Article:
Statements offered in-person (or at least by telephone) and subject to cross examination (questioning) are generally given the most consideration. You may present documents and testimony describing any remedial work you have done to address the situation.

What about hearing records?

Your hearing will be recorded, and you may request a copy of the recording and/or any documents. Depending on the volume of data requested, there may be a duplication cost, although the examiner’s office maintains most records digitally.

What happens after the hearing?

Within ten business days (meaning weekends and holidays are excluded) of the hearing’s close, the examiner sends a final decision that includes findings of fact based on the hearing record and conclusions drawn from those findings. It may wholly grant the appeal, wholly deny the appeal, or do something in the middle (modify conditions, reduce fines, etc.).

Examiner decisions end with general information for how to appeal. The examiner can offer no additional instruction beyond that written information. It is an appellant’s responsibility to determine and meet the exact requirements for filing an appeal.

What is the proper way to communicate with our office?

While you may contact the examiner with procedural questions, any questions/statements that deal with the substance of the appeal should be raised at a conference or hearing, or made in writing and addressed to all parties. Examiner staff screen correspondence and calls prevent prohibited contacts to the examiner from either party. In general, emails should be sent to and copied to Permitting’s representative. (Examiner documents usually list the Permitting representative’s email on the first page.)

How does the examiner ensure I have a fair hearing?

Examiners are independent of Permitting and do not give any deference to Permitting or to any other agency. Examiners may not hear appeals where they have financial interests, have pre-judged the issues, or may appear biased by a relationship to a party or property. A person with reasonable grounds to believe an Examiner might be influenced by a factor outside the record should promptly bring that concern to the examiner’s attention.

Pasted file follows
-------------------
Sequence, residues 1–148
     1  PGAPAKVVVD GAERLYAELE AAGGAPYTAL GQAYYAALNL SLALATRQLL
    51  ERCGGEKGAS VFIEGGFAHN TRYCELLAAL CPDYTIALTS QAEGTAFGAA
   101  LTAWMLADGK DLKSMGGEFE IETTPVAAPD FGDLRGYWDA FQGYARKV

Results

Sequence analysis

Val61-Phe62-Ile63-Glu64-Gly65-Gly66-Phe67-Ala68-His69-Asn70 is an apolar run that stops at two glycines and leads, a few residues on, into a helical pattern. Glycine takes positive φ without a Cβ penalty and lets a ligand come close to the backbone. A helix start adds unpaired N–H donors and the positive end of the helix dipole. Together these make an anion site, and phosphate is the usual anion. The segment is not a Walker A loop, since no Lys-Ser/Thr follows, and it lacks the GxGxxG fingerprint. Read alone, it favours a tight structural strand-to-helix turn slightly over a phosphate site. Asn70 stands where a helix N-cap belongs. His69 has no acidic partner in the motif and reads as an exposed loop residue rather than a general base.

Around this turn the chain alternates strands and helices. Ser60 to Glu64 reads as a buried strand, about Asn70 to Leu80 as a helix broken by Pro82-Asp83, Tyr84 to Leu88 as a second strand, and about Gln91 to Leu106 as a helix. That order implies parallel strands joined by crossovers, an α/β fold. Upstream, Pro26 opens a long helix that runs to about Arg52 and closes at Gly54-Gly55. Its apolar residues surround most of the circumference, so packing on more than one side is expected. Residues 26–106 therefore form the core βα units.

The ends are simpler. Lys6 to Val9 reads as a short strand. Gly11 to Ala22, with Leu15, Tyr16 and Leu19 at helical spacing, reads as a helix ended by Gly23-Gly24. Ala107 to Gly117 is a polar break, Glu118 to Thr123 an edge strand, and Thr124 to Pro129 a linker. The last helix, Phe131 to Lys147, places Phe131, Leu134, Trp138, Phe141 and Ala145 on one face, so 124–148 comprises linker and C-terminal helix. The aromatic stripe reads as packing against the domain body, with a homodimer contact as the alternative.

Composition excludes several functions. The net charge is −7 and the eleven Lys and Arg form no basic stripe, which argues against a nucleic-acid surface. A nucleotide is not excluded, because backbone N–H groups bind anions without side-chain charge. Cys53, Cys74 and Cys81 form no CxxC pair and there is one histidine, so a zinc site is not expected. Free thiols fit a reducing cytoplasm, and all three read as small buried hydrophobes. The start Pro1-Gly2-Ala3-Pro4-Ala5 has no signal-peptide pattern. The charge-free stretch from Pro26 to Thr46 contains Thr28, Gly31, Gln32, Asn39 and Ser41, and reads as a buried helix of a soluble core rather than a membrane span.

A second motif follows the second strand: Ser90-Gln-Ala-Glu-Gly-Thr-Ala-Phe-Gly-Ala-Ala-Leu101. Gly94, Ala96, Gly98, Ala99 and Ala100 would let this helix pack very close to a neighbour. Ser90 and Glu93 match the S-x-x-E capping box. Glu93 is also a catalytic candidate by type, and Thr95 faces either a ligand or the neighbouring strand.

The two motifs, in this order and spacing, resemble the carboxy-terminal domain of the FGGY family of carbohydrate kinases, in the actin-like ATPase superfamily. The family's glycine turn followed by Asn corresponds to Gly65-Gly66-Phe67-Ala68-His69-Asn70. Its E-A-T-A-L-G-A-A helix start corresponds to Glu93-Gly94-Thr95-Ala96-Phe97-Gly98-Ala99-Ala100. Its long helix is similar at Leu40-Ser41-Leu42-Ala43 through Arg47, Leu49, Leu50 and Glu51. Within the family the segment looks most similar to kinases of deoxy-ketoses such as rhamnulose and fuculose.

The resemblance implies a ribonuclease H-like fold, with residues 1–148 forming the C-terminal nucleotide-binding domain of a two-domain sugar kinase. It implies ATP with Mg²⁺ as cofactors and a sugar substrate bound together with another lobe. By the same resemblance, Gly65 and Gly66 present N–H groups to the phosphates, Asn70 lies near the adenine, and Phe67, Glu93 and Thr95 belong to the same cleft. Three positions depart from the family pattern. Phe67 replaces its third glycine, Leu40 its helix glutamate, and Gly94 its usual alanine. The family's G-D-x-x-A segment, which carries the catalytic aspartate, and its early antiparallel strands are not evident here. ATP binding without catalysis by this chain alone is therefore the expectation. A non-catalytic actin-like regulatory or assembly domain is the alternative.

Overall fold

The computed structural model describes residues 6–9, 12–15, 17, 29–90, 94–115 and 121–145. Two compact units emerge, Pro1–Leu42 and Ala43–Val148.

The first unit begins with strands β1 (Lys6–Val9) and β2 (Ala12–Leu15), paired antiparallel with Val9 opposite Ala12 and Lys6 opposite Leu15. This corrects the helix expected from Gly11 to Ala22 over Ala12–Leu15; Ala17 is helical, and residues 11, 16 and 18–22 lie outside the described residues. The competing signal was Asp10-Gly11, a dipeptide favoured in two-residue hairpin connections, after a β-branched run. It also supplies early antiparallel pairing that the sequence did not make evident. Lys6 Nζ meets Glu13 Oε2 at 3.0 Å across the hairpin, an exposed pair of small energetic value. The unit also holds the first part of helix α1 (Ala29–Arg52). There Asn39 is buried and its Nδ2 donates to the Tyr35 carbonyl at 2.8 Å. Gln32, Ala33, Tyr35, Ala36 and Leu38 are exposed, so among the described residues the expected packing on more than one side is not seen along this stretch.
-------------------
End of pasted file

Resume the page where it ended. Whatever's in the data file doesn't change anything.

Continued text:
What rules and laws typically apply?

To participate effectively, it often helps to become familiar with standards governing the decision-making process, especially KCC chapter 20.22, KCC Title 23, and the examiner’s rules:

Examiners base decisions primarily on those sources, and also on constitutional principles and appellate court decisions.

For past examiner code enforcement decisions, by year, see Case Digest.

You may call the examiner's office with questions.

This guide is also available to download: 
Land Use Code Enforcement Appeals Guide

You can also send us an email to request a hardcopy version of the Hearings Guide.

Source Materials

The hearing examiner bases decisions on adopted King County codes and policies, state statutes, regulations, and appellate court decisions. To participate effectively in a hearing, it often helps to become familiar with the laws and policies that govern the decision-making process.

Department of Local Services, Permitting Division

General (206) 296-6600
Code Enforcement (206) 296-6680

For contact information for any county agency or personnel, call King County Information at (206) 291-0100 or 1-800-325-6165 or check


The Hearing Examiner bases decisions on adopted King County codes and policies and state statutes, regulations and case law (precedential decisions of the appellate courts). To participate effectively in a hearing, it often helps to become familiar with the laws and policies that govern the decision-making process. The listed sources are among many that may affect examiner proceedings.
The Hearing Examiner bases decisions on adopted King County codes and policies and state statutes, regulations and case law (precedential decisions of the appellate courts). To participate effectively in a hearing, it often helps to become familiar with the laws and policies that govern the decision-making process. The listed sources are among many that may affect examiner proceedings.